Syphilis . . .The very mention of the term used to send shudders in patients and was the darling of medicine professors for quite a long time. It was described as 'the great imitator' by Sir William Osler. One of my professors used to tell that in the olden times, a post-graduate student of Internal Medicine was assessed by how much he knows about syphilis and it seems that the same status is presently enjoyed by HIV-AIDS.
Well, why I started a post of Syphilis? Over the last week, I had two families diagnosed as having the TPHA test positive. None of the members of the family had any symptom.
Here are their stories . . . I know there may be quite a lot you may want to comment on them, which I would like to hear . . .
The first patient was MS, on whom we had to do a Cesarian Section after a complicated trial of labour elsewhere. Before the Cesarian section, MS was diagnosed to have a low hemoglobin and we asked her relatives to arrange blood. The husband had her same blood group and he was ready to arrange blood. Well, on screening of the donor we found out that he is TPHA positive. As a rule, we do not do TPHA on patients who come at term. We do them only for those who come in the first trimester.
Well, by that time the Cesarian was over. We tested the mother and the baby. Both were positive. They very well understood when we counselled them about the disease.
When I rejoined NJH in June 2010, I had done a re-look at the blood tests we do. Since, almost all of our patients are poor, we were trying to cut down on the tests. We did not find any TPHA positives in any patient for almost 2 years. There were few HBsAg positives and no HIV positives among the antenatal patients. I decided to drop doing TPHA, the main reason being that quacks were quite prompt in prescribing antibiotics and therefore I came to conclusion that this must be the reason that there was no TPHA positive for so long a time.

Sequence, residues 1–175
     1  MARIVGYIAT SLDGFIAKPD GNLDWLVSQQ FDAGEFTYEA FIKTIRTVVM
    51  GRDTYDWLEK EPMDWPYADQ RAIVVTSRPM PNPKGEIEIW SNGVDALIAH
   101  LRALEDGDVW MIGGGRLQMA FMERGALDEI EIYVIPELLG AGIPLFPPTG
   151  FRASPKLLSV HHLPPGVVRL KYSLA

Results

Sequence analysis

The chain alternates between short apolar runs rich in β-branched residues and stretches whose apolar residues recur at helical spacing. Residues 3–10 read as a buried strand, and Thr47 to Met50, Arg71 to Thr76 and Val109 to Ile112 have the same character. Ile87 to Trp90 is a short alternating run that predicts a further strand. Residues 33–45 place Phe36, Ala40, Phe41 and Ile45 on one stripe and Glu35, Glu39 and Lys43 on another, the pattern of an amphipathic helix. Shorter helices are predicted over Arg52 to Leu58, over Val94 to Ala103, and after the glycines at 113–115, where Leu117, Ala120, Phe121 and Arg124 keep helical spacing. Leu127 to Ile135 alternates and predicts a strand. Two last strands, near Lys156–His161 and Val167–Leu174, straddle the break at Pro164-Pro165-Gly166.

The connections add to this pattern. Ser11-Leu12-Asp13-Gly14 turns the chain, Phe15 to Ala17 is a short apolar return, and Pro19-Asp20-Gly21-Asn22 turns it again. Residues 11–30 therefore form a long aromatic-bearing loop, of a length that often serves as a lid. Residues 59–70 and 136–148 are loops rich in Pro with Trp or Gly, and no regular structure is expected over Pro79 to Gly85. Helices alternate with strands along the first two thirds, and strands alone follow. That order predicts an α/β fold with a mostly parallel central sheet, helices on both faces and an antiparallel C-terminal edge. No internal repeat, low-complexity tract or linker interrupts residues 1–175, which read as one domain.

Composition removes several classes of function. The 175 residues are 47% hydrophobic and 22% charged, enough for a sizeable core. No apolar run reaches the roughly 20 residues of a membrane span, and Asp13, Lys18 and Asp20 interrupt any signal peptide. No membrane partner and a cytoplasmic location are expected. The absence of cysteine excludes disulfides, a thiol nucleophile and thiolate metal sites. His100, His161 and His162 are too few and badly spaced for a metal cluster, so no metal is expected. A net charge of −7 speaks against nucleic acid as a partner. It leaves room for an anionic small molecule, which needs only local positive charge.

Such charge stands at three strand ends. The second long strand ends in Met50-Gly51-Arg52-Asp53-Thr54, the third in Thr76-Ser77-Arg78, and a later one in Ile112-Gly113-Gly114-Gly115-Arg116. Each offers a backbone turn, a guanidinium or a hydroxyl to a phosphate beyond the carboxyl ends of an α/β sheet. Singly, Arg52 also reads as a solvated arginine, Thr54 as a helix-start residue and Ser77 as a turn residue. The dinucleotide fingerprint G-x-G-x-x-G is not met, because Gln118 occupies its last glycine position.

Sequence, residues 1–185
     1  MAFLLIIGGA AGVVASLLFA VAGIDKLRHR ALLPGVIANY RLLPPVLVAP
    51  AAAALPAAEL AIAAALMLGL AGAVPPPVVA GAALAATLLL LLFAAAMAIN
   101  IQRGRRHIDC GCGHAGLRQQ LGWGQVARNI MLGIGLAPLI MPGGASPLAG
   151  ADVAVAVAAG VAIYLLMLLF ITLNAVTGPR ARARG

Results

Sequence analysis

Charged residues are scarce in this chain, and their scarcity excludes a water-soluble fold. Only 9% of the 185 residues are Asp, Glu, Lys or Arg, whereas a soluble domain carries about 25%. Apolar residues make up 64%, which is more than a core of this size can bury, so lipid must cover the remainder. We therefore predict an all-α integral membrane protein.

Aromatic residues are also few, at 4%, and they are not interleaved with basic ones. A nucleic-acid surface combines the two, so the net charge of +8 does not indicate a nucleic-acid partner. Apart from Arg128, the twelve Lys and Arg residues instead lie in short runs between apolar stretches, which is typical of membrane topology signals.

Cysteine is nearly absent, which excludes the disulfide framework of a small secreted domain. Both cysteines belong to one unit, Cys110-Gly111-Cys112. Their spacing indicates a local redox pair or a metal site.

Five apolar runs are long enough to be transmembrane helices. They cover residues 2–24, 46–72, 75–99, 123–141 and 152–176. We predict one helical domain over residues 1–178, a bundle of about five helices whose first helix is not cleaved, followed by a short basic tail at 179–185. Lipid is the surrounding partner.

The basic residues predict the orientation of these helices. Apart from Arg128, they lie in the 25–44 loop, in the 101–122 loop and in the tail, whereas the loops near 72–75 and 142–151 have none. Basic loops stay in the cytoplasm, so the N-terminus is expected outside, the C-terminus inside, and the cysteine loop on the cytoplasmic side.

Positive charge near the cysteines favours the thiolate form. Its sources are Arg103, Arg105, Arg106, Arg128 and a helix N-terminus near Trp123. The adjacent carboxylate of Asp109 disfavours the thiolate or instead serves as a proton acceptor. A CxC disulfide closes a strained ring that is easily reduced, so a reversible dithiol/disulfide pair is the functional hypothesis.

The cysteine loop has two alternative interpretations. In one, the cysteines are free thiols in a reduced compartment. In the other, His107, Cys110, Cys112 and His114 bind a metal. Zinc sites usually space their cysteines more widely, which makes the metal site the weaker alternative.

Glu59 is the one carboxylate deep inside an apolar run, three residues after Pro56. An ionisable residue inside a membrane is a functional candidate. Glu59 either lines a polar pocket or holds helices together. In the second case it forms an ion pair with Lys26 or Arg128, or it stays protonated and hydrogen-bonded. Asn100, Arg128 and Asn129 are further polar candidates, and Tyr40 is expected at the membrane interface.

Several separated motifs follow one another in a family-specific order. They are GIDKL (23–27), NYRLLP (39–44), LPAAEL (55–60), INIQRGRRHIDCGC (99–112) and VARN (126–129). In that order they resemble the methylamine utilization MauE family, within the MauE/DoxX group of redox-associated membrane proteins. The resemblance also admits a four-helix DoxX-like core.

However, the protocol was do TPHA in the first and second trimester for all ante-natal patients and drop it for those who come in late third trimester or directly to labour room.
I was contemplating on whether I should bring back the policy of doing TPHA for all pregnant patients when the next patient arrived.
One of our antenatal patients who landed up in labour room was found to have a reactive TPHA which was missed in the antenatal period. There was nothing much we could do now other than to re-check TPHA. Unfortunately, the TPHA turned out positive and after the delivery the baby also was reactive.
I called the father, a man in the armed police force. The fellow looked quite disturbed and a bit drunk. I told him about the TPHA reactive status of his wife and child. He seemed to be hardly bothered. The only thing he wanted was to go home ASAP. I told him that he also needed to get tested. He would have nothing of it. He told me that he had issues to attend to at home and therefore needed to get discharged immediately.
We tried our best. Ultimately, armed with consent forms on what all will happen and accepting full responsibility if something untoward happens in the future, he was off with his wife and child.
Questions I have in my mind . . .
1. TPHA is expensive. Should I do it for all pregnant patients irrespective of when they come - especially when they reach Labour Room straightaway after Antenatal Care elsewhere. Most of the places, VDRL or TPHA is not commonly done.
2. When I have patients like the latter, what do you do? They are high risk to the community.
3. Could we have donated blood from the TPHA positive husband to the TPHA positive wife? We had a bit of difficulty getting blood after the husband was refused as a donor. Crossed my brain only now . . . it could have been done.